Exploring Hydrocarbon Depletion
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Drivers may hate rising gas prices, but some companies are delighted as they watch the oil price soar. Firms like BMW and Airbus which are leaders in fuel efficiency actually benefit from expensive oil. They are just two of a growing number of companies that are already developing technologies for a post-fossil-fuel world.
But Norbert Reithofer, the CEO of BMW, seems surprisingly relaxed for an executive whose company's products depend on gasoline and diesel. "One could see this as a threat," Reithofer says. But the auto executive actually views the rising price of fuel as "an opportunity." He is convinced that his company will in fact "derive a benefit from this."
The Munich-based automaker has invested billions of euros in fuel-saving technologies, such as efficient engines, brake energy recovery and ultra-lightweight carbon fiber car bodies. BMW is now considered a leader in the field, and the company's record sales in 2011 suggest that this is something its customers are willing to pay for. And that, Reithofer believes, is why the company will ultimately benefit from high prices at the pump.
Airbus CEO Tom Enders uses a similar argument. He ought to be upset about high kerosene prices. They have sharply affected his customers, the airlines, whose profits are shrinking and who are investing less money in buying new planes as a result. Nevertheless, Airbus has never had as many orders on its books as it does today.
If every person on Earth used as much energy as the average person in the United States, today's known oil reserves would be exhausted within nine years.
A raft of new offshore wind farms and hydroelectric power plants are in the offing, after German energy companies and investors yesterday confirmed they are preparing to plough up to €60bn into overhauling the country's power infrastructure, following the government's pledge to phase out nuclear reactors.
The energy and water industry association BDEW issued a report on the first day of the Hanover industrial fair revealing that plans are underway to build or modernise 84 power stations with a combined capacity of 42GW.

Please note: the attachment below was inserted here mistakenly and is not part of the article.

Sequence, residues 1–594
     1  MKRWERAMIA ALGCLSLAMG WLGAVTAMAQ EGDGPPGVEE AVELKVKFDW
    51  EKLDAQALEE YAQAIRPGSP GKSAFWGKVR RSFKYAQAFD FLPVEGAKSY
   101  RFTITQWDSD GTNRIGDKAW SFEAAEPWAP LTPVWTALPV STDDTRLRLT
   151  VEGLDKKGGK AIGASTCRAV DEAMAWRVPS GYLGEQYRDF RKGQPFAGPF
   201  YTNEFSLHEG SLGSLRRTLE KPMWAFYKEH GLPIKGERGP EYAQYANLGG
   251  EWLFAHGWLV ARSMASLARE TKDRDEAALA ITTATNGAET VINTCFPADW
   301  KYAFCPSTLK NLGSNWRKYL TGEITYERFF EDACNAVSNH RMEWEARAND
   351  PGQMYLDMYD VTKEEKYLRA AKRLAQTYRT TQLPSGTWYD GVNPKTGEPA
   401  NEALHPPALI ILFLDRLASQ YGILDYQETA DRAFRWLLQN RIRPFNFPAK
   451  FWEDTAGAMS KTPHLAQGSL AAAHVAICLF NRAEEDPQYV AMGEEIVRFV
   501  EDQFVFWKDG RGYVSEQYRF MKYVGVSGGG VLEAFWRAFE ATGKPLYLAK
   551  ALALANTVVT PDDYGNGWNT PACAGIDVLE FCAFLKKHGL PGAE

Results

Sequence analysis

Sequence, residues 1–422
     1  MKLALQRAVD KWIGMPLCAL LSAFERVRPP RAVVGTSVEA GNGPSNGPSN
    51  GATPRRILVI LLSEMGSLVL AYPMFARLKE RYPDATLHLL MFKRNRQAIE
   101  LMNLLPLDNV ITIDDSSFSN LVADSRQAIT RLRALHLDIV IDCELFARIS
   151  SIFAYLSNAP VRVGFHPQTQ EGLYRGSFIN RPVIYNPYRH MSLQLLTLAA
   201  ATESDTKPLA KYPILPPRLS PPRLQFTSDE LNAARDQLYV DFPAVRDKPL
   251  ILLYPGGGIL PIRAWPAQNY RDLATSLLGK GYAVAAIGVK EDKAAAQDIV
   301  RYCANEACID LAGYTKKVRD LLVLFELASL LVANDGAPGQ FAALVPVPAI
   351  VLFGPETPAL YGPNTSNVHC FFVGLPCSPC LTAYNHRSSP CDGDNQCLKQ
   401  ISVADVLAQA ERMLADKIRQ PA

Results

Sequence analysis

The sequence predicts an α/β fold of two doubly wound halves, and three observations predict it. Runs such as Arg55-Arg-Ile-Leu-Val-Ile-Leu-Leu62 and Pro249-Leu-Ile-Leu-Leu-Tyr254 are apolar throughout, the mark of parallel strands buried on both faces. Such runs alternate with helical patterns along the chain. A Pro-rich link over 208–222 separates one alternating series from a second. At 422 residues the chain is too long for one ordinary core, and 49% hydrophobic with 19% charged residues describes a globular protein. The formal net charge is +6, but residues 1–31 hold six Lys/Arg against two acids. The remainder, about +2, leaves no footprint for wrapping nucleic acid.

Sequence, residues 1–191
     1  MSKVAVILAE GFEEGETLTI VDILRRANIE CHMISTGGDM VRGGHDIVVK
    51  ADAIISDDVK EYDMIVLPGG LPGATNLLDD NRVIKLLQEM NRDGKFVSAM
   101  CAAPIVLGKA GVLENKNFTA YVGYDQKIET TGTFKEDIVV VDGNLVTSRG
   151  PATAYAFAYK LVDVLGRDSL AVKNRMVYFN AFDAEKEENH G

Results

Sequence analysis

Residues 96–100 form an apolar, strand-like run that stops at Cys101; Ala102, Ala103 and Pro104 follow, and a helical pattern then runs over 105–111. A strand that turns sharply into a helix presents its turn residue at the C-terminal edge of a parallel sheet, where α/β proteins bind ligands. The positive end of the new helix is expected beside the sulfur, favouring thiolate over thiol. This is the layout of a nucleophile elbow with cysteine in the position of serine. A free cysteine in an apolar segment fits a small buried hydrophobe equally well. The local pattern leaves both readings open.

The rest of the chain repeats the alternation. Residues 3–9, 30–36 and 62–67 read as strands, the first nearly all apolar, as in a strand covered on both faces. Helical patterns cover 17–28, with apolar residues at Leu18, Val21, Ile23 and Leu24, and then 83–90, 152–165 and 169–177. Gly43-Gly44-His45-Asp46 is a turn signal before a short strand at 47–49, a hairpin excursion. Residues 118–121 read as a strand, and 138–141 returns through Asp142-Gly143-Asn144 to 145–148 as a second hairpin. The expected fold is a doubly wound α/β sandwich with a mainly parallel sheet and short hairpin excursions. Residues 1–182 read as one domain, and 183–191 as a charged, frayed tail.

The federal government offers incentives to place facilities in 17 designated areas in six Western states, including 154,000 acres in California.
The Obama administration unveiled plans Tuesday to ramp up solar energy production, offering incentives for solar developers to cluster projects on 285,000 acres of federal land in the western U.S and opening an additional 19 million acres of the Mojave Desert for new power plants.
The long-awaited plan also appears to rewind previous land-use decisions by the federal government. The pending policy rules out a long list of environmentally sensitive lands where the government — seeking to fast-track construction — had allowed solar development over the objections of environmentalists.
The plan places 445 square miles of public land in play for utility-scale solar facilities.
Interior Secretary Ken Salazar told reporters on a conference call that the country had no solar projects in the planning stages when Obama took office, contrasting the situation with the current rush to build plants.
"We have turned that around," he said. "Three years later we stand at a proud moment in American history. It's hard to overstate what a significant milestone this is for our administration."
The plan establishes 17 solar energy zones in six Western states, including 154,000 acres in California. The zones were chosen because they avoided major environmental, cultural or other conflicts. The policy encourages developers to select sites within zones by promising minimal environmental reviews and expedited permitting.
In addition, the administration is completing work on a range of additional financial incentives, such as lower land lease payments and reduced costs of bonds.
Propellentless Space Propulsion Research Continues
1. Chinese scientists appear to have validated a propellentless space propulsion technology previously branded as impossible. Based on earlier British research, it is averred that the EmDrive concept provides sustained thrust at low cost and weight, but this has yet to be accepted even as a workable theory by the wider propulsion community.
2. This appears to be a violation the law of conservation of momentum. However, Shawyer says net thrust occurs because the microwaves have a group velocity (the velocity of a collection of electromagnetic waves) greater in one direction than the other and relativistic effects to modify the Newtonian mechanics. Shawyer compares the EmDrive to a laser gyroscope, which also looks like a closed system but is actually open and works thanks to relativistic effects.
3. Shawyer's analysis was challenged after the EmDrive was featured in a science magazine in 2006. John Costella, a researcher in relativistic electrodynamics, described the EmDrive as a fraud and argued that even with relativity there can be no net thrust. Shawyer built demonstration EmDrives to back his claims, including a 7-lb. version he said produced a thrust of 85 millinewtons (mN) with a 300-watt input. Skeptics, convinced of its impossibility, have not even tested the EmDrive.
4.There has been little interest in the EmDrive in the West so far, and Shawyer's government funding has ended. Boeing's Phantom Works, which has previously explored exotic forms of space propulsion, was said to be looking into it some years ago. Such work has evidently ceased. “Phantom Works is not working with Mr. Shawyer,” a Boeing representative says, adding that the company is no longer pursuing this avenue.
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